Everyone is in bed with Netflix these days, even the beloved former president and first lady of the United States. No, we’re not talking about George and Laura Bush. The Obamas, Barack and Michelle, signed a deal with Netflix in 2018 to produce documentaries through their production company, Higher Ground. The first of those, American Factory, won the Academy Award for best documentary feature earlier this year.
Now they’ve got a new documentary premiering where they’re not just behind the camera, but in front of it. Although Barack has his moments in it – almost exclusively in archival footage – this is Michelle’s story. Becoming takes its title from Michelle Obama’s memoirs, published in 2018. She launched a 34-city U.S. arena tour in association with the book, which director and cinematographer Nadia Hallgren followed with her camera. As she was interviewed by simpatico luminaries such as Oprah Winfrey, Gayle King, Stephen Colbert, Conan O’Brien and Reese Witherspoon, she charmed capacity crowds, continuing the popularity she cultivated as first lady.
Theoretically, those crowds were also privy to nuggets about Michelle Obama’s life, both from her childhood and behind White House doors, that she hadn’t been able to reveal until recently, or maybe hadn’t even revealed in the book. Some of those make it into the film.
There’s a tough balance being walked here, though. Even though she makes much of the fact that her life will never go back to being what it was before, she also states that she does not want she and her husband to stay at the forefront forever, and her life is starting to feel like her own again. The challenge in a documentary about Michelle Obama, one of the most well-liked public figures in the world, is to feel like what you’re getting is really “real,” and not just a further attempt at brand management under the public eye.
To be sure, the Obamas had to, or felt they had to, manage that brand like no president and first lady before them. As the first African-Americans in the White House, they felt an even keener examination of their every move. Therefore, every move had to be perfect. To their credit, the Obamas did rarely make a misstep in eight years in office, if you’re concentrating only on the ways they comported themselves and setting aside a person’s subjective opinion of their policy decisions. Nitpickers had to focus on insignificant episodes like the time Barack Obama wore a tan suit to a press conference if they wanted to find a chink in their armour.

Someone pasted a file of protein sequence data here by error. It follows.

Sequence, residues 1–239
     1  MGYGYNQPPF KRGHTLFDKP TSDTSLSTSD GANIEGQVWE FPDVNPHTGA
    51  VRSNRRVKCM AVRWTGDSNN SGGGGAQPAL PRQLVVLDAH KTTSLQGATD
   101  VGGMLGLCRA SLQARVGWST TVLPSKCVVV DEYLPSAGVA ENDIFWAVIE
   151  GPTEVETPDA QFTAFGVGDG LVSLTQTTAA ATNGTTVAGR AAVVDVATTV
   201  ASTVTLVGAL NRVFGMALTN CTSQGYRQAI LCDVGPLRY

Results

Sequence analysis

The pitfall about such exemplary public figures is that it’s not all that interesting to watch a movie about perfect people. Michelle Obama realises this, and does throw us a bone here and there in that regard. There’s no footage of her snapping at an underling or showing the exhaustion of an aggressive touring schedule, and it’s tempting to believe those things just didn’t actually happen. She does, though, admit to the fact that she and her husband once attended marriage counselling, and that he wasn’t always the doting husband – going to the gym, for example, when she was stuck at home with babies. These are not capital crimes, of course, and they are delivered by Michelle mostly as a joke, which her audience eats up.
Even though it’s clear early on that this is not going to be some kind of warts and all portrait, Becoming does remain engaging, in part because she herself is so engaging. Some people make great politicians because they are such charismatic communicators. The key, Michelle explains to the doco audience, is to focus only on the person you’re talking to – the old “making you feel like you’re the only person in the room” trick. We see this at work as she greets a succession of idolising fans who queued up to meet her. You don’t get the sense that it’s a trick in her case, though the mere fact that she mentions it reveals her awareness of it as an interpersonal strategy, something less than 100% genuine.
In terms of fleshing out the woman behind the personality, Becoming spends time with her brother and mother, including photos and remembrances of her deceased father. In one funny detail, it seems pretty clear her mother still considers her brother her favourite child. We also learn Michelle was once told by a high school guidance counsellor that she wasn’t “Princeton material” (she went to Princeton University and then Harvard Law). More serious types of racial discrimination she experienced over the years are also touched on. Their days as community organisers and on the campaign trail are explored, plus tidbits like the fact that their daughters’ friends wanted one last sleepover in the White House on the night before they were set to vacate it for the incoming Trumps.
Donald Trump is mentioned only a few times in this movie, but his presence does hang over it. An awareness bleeds through Michelle, both in looks on her face and in her actual words, that however much she and her husband accomplished, there’s some taint to their legacy in that their policies were implicitly repudiated by the results of the next election. In perhaps the film’s most dangerously honest moment, she says that it’s because “our people didn’t turn out” to vote.
Becoming arrives both as a balm to people who have suffered during the Trump years, who are nostalgic for the “good old days” of earlier last decade, and as a rallying cry to those who could prevent the Trump years from running into the 2020s this November. That it doesn’t come in a radical package is a symptom of what Michelle has been through, but also a consequence of her resulting personality. She learned not to seem “militant” when political opponents accused her of being an “angry black woman,” as little as that description may have been warranted. If she continues to effect change, it’ll be because she continues to figure out how to have the last laugh over her critics.